The Jets haven’t scored an offensive touchdown in nine quarters, but Cavanaugh has seen worse: when he was the offensive coordinator of the 2000 Ravens, there were five straight games when they didn’t score a touchdown.
In that stretch, they replaced quarterback Tony Banks with Trent Dilfer. As they entered the playoffs, Dilfer wasn’t at his best. He had a severe pelvic injury that limited his mobility, and remembered closing the regular season in a funk, playing one game with vertigo and very poorly in another.
But Cavanaugh — whose first coaching gig was at his alma mater, Pitt, in 1993 under Johnny Majors — was a rush of positivity.
“Hey, we got the stinkers out,” Dilfer remembers him saying. Cavanaugh also said something more important: “You’re the perfect guy for this football team.”
Jets general manager Mike Tannenbaum announced the team will suspend strength and conditioning coach Sal Alosi indefinitely after receiving new information about Alosi instructing the Jets players form a wall on the sideline during punts in the Miami game. On Monday they had suspended him for the remainder of the season without pay, docking him an additional $25,000 dollars. Jets Head Coach Rex Ryan made several brief comments on the situation during his weekly press conference on Wednesday.
The Ravens, of course, won the Super Bowl that year. Cavanaugh said the lesson he learned was that you can’t summarize a player, or a team, by a week or stretch of weeks.
“There was no evidence that proved we had turned the corner, but he was able to persuade me we had,” Dilfer recalled last week. “When your coach says he knows good things are coming, you muster up the momentum it takes to turn things around.”
Cavanaugh is an experience-driven coach, starting late in his playing career when he became a backup and knew coaching was his future. Majors, who coached Cavanaugh on Pitt’s national championship team in 1976, gave him a shot because he was smart and loyal. That loyalty was tested a day later, when Walsh also called about a job — but Cavanaugh honored his commitment.
He’d get a chance in the NFL with Buddy Ryan, his former coach in Philadelphia, who brought him to his staff in Arizona. More than a decade later, when the Jets hired his son, Buddy Ryan told Rex: “Hire Matt.”
Rex Ryan, who worked with Cavanaugh in Baltimore, says he’s one of the smartest guys he’s ever been around. His highest praise is that he trusts him with Sanchez. Like he showed with Dilfer, Cavanaugh is an ace at the psychological side of the game — as Sanchez said, “keeping me in the right state mentally all the time.”
When Sanchez is high-flying, bouncing off the walls after a sick throw in practice, Cavanaugh can bring him down with one crack: “Sanchez, you suck. What’s wrong with you?”
Today, Cavanaugh said, he needs to send Sanchez out on the field believing the Jets have the best game plan that has ever been put together — and that he’s the one who can execute it best.
• • •
Three guys die. As they’re waiting to get into Heaven, St. Peter tells them since it’s Christmas Eve, they need to show him something representative of the spirit of Christmas.
The first guy pulls out a lighter, and says it represents a candle. The second guy reaches for his keys, shakes them, and calls them “Jingle Bells.” The third guy thinks for a while. Finally, he reaches into his pocket and pulls out a women’s garment. “These are Carol’s,” he says.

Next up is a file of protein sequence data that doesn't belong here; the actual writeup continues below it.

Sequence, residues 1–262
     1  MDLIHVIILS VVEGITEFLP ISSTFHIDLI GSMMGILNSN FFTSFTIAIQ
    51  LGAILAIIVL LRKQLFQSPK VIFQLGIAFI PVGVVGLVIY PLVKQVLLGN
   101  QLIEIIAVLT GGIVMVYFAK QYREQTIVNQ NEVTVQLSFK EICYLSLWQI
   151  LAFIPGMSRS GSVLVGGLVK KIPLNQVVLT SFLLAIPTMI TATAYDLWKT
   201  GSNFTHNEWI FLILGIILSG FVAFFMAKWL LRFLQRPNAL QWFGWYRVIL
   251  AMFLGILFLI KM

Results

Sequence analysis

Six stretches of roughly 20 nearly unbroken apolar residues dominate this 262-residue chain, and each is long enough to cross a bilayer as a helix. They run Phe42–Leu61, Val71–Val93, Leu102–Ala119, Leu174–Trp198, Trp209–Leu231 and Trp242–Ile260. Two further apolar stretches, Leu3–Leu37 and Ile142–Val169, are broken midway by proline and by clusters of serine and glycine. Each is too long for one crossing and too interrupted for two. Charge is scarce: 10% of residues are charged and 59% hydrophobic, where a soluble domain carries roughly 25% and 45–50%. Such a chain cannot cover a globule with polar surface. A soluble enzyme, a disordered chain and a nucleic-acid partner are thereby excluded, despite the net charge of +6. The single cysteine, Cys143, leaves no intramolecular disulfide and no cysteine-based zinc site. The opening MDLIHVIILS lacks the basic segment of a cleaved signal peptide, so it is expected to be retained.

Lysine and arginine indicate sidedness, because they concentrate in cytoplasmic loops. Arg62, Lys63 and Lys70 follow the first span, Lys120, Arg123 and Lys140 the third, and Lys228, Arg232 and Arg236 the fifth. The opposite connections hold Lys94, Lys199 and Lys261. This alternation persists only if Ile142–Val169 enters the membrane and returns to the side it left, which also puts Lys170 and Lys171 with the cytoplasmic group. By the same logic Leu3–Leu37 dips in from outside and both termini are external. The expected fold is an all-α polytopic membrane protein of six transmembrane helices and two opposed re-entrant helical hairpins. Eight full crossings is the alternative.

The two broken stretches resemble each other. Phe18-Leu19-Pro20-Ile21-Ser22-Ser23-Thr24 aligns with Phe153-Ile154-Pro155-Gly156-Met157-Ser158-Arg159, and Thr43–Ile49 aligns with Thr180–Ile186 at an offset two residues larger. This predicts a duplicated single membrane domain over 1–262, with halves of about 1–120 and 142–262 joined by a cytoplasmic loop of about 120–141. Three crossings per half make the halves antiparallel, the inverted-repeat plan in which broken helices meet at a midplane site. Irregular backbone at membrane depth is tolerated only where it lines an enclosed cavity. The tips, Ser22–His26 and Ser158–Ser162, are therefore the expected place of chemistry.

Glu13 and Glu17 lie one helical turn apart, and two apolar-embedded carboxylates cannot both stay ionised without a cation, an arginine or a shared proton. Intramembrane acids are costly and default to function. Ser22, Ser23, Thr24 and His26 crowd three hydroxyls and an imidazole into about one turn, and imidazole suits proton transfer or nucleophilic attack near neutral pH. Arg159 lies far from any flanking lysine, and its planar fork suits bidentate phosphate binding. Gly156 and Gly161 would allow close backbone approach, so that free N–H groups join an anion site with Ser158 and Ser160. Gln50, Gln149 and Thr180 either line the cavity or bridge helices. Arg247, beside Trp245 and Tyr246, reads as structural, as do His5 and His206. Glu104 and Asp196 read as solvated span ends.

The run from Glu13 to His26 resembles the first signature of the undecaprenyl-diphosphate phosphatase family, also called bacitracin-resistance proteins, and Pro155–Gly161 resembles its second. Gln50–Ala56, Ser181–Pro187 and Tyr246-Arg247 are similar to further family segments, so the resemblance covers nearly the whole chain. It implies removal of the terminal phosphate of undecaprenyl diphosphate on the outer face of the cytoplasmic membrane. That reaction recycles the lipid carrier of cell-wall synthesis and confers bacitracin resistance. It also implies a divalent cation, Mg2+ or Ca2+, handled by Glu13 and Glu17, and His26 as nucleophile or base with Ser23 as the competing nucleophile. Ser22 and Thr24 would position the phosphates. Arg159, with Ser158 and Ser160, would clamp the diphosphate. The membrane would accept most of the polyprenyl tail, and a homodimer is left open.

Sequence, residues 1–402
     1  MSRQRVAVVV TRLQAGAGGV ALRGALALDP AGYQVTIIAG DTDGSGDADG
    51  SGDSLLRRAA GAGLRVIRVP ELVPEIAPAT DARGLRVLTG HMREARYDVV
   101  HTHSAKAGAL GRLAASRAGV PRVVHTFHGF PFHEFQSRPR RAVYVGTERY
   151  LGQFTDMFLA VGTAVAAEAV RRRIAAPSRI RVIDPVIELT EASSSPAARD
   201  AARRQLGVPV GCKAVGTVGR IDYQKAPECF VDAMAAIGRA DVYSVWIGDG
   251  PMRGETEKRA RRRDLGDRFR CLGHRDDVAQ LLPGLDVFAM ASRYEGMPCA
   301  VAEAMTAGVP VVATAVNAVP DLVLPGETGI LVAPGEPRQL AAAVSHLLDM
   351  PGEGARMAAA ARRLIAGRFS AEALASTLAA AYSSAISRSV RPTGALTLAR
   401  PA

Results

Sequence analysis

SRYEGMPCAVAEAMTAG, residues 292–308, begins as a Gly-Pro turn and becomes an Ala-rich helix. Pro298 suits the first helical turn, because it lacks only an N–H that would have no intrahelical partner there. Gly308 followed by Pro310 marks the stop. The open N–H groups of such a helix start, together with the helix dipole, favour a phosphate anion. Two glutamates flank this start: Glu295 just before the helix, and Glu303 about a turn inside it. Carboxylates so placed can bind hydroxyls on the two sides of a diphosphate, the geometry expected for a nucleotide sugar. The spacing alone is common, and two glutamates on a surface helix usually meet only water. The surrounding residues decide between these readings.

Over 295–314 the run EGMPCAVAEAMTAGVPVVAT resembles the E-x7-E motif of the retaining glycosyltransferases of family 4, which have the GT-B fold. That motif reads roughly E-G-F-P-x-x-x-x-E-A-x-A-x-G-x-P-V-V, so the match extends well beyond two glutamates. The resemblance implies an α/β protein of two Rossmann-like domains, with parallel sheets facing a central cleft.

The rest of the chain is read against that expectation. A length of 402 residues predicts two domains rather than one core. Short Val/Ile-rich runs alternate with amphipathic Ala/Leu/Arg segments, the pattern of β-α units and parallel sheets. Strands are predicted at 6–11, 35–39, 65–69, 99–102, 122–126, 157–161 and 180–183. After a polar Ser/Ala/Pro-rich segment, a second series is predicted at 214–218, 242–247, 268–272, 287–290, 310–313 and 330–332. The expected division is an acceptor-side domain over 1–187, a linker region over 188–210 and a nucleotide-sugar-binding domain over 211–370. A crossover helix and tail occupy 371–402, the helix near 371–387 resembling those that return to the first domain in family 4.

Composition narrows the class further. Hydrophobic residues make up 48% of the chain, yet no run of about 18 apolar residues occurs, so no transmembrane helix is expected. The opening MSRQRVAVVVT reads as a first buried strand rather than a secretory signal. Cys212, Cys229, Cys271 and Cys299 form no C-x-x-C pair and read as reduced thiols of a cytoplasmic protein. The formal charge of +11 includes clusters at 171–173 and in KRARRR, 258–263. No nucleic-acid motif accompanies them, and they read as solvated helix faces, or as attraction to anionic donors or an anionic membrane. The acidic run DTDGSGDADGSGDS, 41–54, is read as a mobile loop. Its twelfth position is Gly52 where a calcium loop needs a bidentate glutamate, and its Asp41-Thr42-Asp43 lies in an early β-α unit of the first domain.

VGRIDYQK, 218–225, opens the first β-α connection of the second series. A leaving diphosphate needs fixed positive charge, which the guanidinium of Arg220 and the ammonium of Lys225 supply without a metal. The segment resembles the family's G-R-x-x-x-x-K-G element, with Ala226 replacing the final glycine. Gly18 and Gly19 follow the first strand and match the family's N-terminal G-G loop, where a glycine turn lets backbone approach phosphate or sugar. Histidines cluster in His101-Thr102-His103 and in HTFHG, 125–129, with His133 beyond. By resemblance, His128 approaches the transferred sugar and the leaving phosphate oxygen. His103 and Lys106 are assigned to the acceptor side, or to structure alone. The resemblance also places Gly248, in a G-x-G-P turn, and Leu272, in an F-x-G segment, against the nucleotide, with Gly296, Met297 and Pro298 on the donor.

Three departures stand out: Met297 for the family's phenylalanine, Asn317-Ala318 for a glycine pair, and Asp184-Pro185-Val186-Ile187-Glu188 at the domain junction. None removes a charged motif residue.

Each Friday at 9 a.m., Cavanaugh presents the red zone to the offense, and he always opens with a joke. Last Christmas, he had the room in stitches with this one — winning over not just the quarterbacks, but the offensive unit.
“That’s my favorite part of the week,” fullback Tony Richardson said. “He should do a TV show.”
His personality, players say, is hard to describe. Sarcastic is an understatement; those who pop into his office with an idea are told to write it down and mail it. He wears glasses, has a few oddly placed tattoos and the only way Clemens can think to characterize him is “hippie.”
But respect comes easily. Cavanaugh learned from Joe Montana. He played on two Super Bowl teams: the 49ers in 1984 and the Giants in 1990. On the 30th anniversary of John Lennon’s death last week, the quarterbacks were eating lunch and saw TV clips of Cavanaugh: He was the starter for the Patriots on Monday Night Football the day Lennon was killed.
Forty-year-old Mark Brunell told Sanchez to make sure he appreciates Cavanaugh. He does. Maybe most, he appreciates the feel he has for people, for quarterbacks, “for me,” Sanchez said.
Cavanaugh believes Sanchez could help the Jets reach their goal of a championship. He also knows he could stop them. Together, they’re figuring out the difference.
[QUOTE]Three guys die. As they’re waiting to get into Heaven, St. Peter tells them since it’s Christmas Eve, they need to show him something representative of the spirit of Christmas.
The first guy pulls out a lighter, and says it represents a candle. The second guy reaches for his keys, shakes them, and calls them “Jingle Bells.” The third guy thinks for a while. Finally, he reaches into his pocket and pulls out a women’s garment. “These are Carol’s,” he says.[/QUOTE]
What is this doing in the middle of the article? :confused:
[QUOTE=C Mart;3869444]Read the next paragraph..That was the joke Cavanaugh told to the Offense.[/QUOTE]
Was this another joke?
[QUOTE]Jets general manager Mike Tannenbaum announced the team will suspend strength and conditioning coach Sal Alosi indefinitely after receiving new information about Alosi instructing the Jets players form a wall on the sideline during punts in the Miami game. On Monday they had suspended him for the remainder of the season without pay, docking him an additional $25,000 dollars. Jets Head Coach Rex Ryan made several brief comments on the situation during his weekly press conference on Wednesday. [/QUOTE]